On February 17, 2011, protests broke out in Sulaimaniyya, mostly carried out by young people. The occasion was an arson in the office of the Gorran party in Erbil. Mostly young people protested against the corruption of the two ruling parties, the lack of public services and the lack of free reporting by journalists. The headquarters of the DPK were pelted with stones, then three young men were shot dead by the security forces. The unrest spread to other cities and lasted for several weeks. All demonstrations were banned in Erbil and Dahuk. A total of 10 demonstrators were killed and around 500 wounded in the course of the protests. In Erbil on February 25, 2011, 2,000 people tried to protest against the regional government. Many people were arrested. Masud Barzani then announced reforms.

    Iraq crisis 2014

    Peshmerga taking Kirkuk in June 2014

    With the advance of the Organization Islamic State (IS) and the outbreak of the Iraq crisis in 2014 , the Iraqi central government lost control of large parts of the country. The Kurdish regional government used this to bring the areas it claimed under its control after it was retaken from IS, including the previously controversial city of Kirkuk in July 2014 . The dispute between Erbil and Baghdad over unrealized censuses, referendums and problems with oil sales intensified. As a result, Masud Barzani commissioned a referendum on the independence of the Kurdish region, which increased political pressure on the then Iraqi Prime Minister Nuri al-Maliki .

    The autonomous region of Kurdistan is seen as an important ally in the fight against IS. In contrast to most of the Iraqi army, the Peshmerga have decades of combat experience. They are deployed in both Iraq and Syria, as in 2015 in the embattled Kobanê ( Arabic عين العرب, DMG Ayn al-ʿArab ). When ISIS captured the Sinjar Mountains in 2014, there were allegations on the part of the Yazidis that the Peshmerga had let them down. One month later, IS was pushed back out of the region.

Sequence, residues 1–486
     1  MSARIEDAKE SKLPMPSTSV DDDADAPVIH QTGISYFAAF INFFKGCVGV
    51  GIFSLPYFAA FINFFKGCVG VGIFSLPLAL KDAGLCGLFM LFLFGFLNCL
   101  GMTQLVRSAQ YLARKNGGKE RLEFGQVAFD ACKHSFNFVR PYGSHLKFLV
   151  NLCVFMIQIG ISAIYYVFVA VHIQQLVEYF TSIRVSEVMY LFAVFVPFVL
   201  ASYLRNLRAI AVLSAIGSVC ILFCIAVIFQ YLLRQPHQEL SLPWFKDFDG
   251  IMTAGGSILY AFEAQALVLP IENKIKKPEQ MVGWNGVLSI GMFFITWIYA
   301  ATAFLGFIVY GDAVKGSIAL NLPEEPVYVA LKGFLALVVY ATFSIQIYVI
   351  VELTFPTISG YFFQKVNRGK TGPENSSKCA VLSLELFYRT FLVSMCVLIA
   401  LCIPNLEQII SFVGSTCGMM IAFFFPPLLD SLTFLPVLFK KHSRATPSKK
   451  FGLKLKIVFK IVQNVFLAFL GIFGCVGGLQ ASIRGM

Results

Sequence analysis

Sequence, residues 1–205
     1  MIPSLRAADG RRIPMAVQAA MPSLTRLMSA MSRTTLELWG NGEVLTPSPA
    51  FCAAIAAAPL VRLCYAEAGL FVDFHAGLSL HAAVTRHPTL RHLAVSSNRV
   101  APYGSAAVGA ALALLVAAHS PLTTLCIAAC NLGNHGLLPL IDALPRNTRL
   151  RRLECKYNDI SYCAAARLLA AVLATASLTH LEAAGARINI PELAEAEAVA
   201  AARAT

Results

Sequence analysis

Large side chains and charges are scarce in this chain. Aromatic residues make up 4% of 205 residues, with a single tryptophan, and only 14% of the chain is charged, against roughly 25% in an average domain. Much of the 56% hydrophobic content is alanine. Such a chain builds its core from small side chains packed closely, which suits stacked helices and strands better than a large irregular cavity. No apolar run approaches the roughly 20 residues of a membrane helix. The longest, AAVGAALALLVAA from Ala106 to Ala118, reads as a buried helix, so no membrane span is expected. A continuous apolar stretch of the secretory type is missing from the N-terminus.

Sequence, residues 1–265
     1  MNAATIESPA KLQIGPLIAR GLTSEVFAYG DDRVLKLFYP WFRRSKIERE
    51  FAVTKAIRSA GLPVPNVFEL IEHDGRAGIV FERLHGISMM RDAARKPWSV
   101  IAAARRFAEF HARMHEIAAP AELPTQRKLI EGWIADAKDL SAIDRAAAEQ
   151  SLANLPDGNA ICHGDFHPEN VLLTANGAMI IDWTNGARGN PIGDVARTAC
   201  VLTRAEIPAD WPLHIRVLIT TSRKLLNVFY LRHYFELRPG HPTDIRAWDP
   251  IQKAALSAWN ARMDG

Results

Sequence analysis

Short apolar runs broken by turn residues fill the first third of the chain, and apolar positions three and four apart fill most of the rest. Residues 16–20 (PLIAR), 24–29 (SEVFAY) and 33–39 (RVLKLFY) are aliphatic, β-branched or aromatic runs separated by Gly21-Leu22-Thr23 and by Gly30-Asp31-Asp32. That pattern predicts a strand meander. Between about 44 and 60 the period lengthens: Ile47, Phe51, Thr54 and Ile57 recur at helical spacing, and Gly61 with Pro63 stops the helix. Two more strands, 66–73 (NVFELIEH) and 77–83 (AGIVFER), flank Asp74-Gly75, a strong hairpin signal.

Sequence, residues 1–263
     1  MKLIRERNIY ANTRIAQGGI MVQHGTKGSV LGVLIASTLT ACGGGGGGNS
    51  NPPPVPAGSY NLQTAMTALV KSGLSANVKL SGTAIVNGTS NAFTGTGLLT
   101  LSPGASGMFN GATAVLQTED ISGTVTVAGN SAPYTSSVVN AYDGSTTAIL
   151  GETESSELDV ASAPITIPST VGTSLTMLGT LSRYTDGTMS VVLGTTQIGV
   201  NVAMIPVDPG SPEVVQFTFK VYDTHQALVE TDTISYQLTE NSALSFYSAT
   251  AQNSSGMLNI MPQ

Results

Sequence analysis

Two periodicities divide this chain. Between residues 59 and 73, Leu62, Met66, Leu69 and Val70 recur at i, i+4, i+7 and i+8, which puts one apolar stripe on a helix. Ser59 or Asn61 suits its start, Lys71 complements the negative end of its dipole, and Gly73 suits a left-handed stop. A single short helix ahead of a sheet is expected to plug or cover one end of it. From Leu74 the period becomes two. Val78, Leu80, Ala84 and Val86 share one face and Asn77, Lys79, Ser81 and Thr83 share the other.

In mid-December 2014, the Peshmerga started their largest ground offensive against IS with the battle for Sharaf ad-Din . According to President Barzani, the regions around the Sinjar Mountains in particular were liberated. Sinjar, an important place for the Yazidis , remained contested in 2015. On August 3, President Barzani announced his intention to incorporate the Sinjar region into the Kurdistan Autonomous Region. After the major offensive Operation Free Shingal in autumn 2015, the Kurdish autonomous government announced the invasion of Sinjar on November 13th. In addition to the Peshmerga, members of the YBŞ , HPŞ , YPG and PKK were also involved in the action . The loss of Sinjar was a major strategic setback for ISIS. The two cities of Ar-Raqqa (Syria) and Mosul (Iraq), which are important to them and controlled by them, are connected by the main road along the Jabal Sinjar. After Sinjar was conquered, mass graves with civilian victims of IS were found.

    2015 presidential crisis

    The regional president, Masud Barzani, received an extraordinary extension of his term of office after two terms in office due to the Iraq crisis, which expired in August 2015. The agreement in parliament on the future of the presidency, which had actually been planned by then, did not take place. Barzani and his DPK wanted to continue to govern as long as the threat from IS existed. Barzani's opponents from the PUK and Gorran pushed for a change of power. Due to the poor economic situation caused by the war, the high number of refugees and the late payment of civil servants' wages, several protests against Barzani, some of them violent, took place in October 2015. DPK facilities were devastated in Sulaimaniyya and other cities with a traditional PUK majority. A little later, Barzani dismissed the parliamentary speaker, Yousif Mohammed, and the Gorran ministers from the coalition government.